At the height of West Virginia’s opioid epidemic, executives at a leading drug distributor exchanged emails making light of the crisis.
The emails were put forth by Cabell County attorney Paul Farrell Jr. during trial at U.S. District Court in Charleston. The trial pits the county and the city of Huntington against the nation’s three largest drug distributors, who they argue fueled the overdose crisis.
In one, shared on Thursday, AmerisourceBergen executive Chris Zimmerman shared a lyrical parody of the theme song for “The Beverly Hillbillies,” making fun of “a poor mountaineer” who purchased pills at a “cash ‘n carry” pain clinic.
Another was titled “OxyContinVille” and included a parody of a Jimmy Buffett song that described driving from Kentucky to buy pills.
In a third email, a member of Zimmerman’s team wrote, “One of the hillbilly’s must have learned how to read :-)” in response to an email detailing Kentucky’s new opioid regulations.
Zimmerman apologized in court for the contents of some of the emails, including the use of the term “pillbillies,” which he said referred to drug dealers, not patients.
“I shouldn’t have sent the email,” he said, but added that he took the attacks upon his credibility “personally.” He said the documents were cherry-picked out of context and defended the corporate culture at AmerisourceBergen, one of the three opioid distributors on trial in Charleston, and said it was of the “highest caliber.”
But Farrell disagreed. “It is a pattern of conduct by those people charged with protecting our community — and they’re circulating emails disparaging hillbillies,” said Farrell.
Deflecting responsibility for the epidemic
Thursday was the second day of Zimmerman’s testimony, during which he acknowledged the “devastating effect” of the opioid epidemic but deflected responsibility — blaming, in turn, the U.S. Drug Enforcement Administration and then lower-level employees at his company.
As senior vice president and head of investigations for one of the largest companies in the United States, Zimmerman’s role at AmerisourceBergen was to oversee compliance of the distribution chain, including marking suspicious orders of opioid pills that the company shipped by the millions between 2006 and 2014.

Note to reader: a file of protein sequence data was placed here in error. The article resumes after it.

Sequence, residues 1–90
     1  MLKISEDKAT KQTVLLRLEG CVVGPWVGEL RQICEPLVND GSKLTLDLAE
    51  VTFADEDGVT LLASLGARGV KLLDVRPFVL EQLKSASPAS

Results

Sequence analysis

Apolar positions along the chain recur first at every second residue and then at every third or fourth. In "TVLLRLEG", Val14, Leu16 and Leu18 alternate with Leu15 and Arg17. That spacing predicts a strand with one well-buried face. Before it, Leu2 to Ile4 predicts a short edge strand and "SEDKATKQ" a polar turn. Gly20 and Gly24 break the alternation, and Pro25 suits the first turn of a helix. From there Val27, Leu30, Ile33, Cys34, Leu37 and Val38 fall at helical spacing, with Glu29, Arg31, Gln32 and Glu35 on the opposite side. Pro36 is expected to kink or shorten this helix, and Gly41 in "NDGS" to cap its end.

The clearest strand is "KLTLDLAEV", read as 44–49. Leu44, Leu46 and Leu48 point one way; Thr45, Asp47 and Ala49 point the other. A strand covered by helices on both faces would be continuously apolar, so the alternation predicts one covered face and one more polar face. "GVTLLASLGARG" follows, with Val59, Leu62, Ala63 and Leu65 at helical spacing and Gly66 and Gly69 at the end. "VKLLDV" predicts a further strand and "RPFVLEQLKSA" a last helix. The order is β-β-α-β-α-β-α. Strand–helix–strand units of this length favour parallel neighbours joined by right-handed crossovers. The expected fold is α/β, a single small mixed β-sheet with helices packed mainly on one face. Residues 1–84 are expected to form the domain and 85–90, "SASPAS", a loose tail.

Plaintiffs assert that Zimmerman’s team had a responsibility to prevent such shipments from going through — shipments that earned AmerisourceBergen a profit at West Virginia’s expense. But Zimmerman said from the stand on Wednesday that plaintiffs were conflating his company’s role in regulating the shipments of pills.
“A suspicious order is not a bad order,” Zimmerman said. “When we stop an order, it affects patient care.”
That was in response to questions raised by Farrell regarding Zimmerman’s role as head compliance officer. Plaintiffs argue that distributors are responsible for fueling the addiction crisis in the Mountain State by flooding the region with pills at a higher rate than the rest of the country. Certain pharmacies in small towns received upwards of 100,000 opioid pills in a single month at the height of distribution.
“We’re a company, we’re not an enforcement agency and we’re not a regulatory agency,” Zimmerman said, arguing that it was the DEA’s responsibility to revoke the licenses of suspicious pharmacies, rather than the distributor’s responsibility to prevent suspicious shipments from going through.
Low-level employees — the “pickers,” responsible for fulfilling orders in distribution warehouses — were supposed to call-in reports of suspicious orders to the DEA, Zimmerman said, as part of an monitoring program that he said he’d worked with the regulatory agency to design over his three decade career at the pharmaceutical distributor.
But the program didn’t work, and in 2007 the DEA shut down one of AmerisourceBergen’s distribution centers for failing to keep control over controlled substances.
To reopen the center, the distributor’s lawyers reached a settlement with regulators: in a letter, they agreed to halt any suspicious orders until they could be investigated.
“The DEA has had frequent, direct telephone contact with Chris Zimmerman… in order to implement the technical exchange of electronic information, which [AmerisourceBergen] is to provide to the DEA under the agreement,” the letter stated.
“Any orders which the local distribution center cannot confirm as legitimate are to be ‘held.’… The remaining orders will be fully investigated by [AmerisourceBergen] national investigatory group, under Vice President Zimmerman’s discretion and they will not be shipped unless they can be confirmed as bona fide.”
Following further questioning of Zimmerman, U.S. District Judge David Faber denied the introduction of more emails exchanged between members of his team, despite acknowledging that they revealed insight into attitudes within the company at the time.
In 2011, after Florida passed legislation to crack down on pill mills, Zimmerman sent a team-wide email joking that the “Pillbillies” would head north to Georgia and Alabama instead. Later, a corporate investigator forwarded an email titled “Oxycontin for kids” with a picture of a Kellogg’s cereal box altered to read “SMACK.” “You’re just a barrel of laughs today,” responded a coworker.
In another email, a senior director under Zimmerman, Steve Mays, responded sarcastically to the threat of legal action by West Virginia cities and counties against the company — as well as a new fee on opioids proposed by Sen. Joe Manchin to fund substance abuse treatment efforts. “I guess if all the distributors stopped shipping [controlled substances] into WV the problem would be solved, correct?” he wrote
Reporter Eric Eyre contributed to this story.
This story has been updated.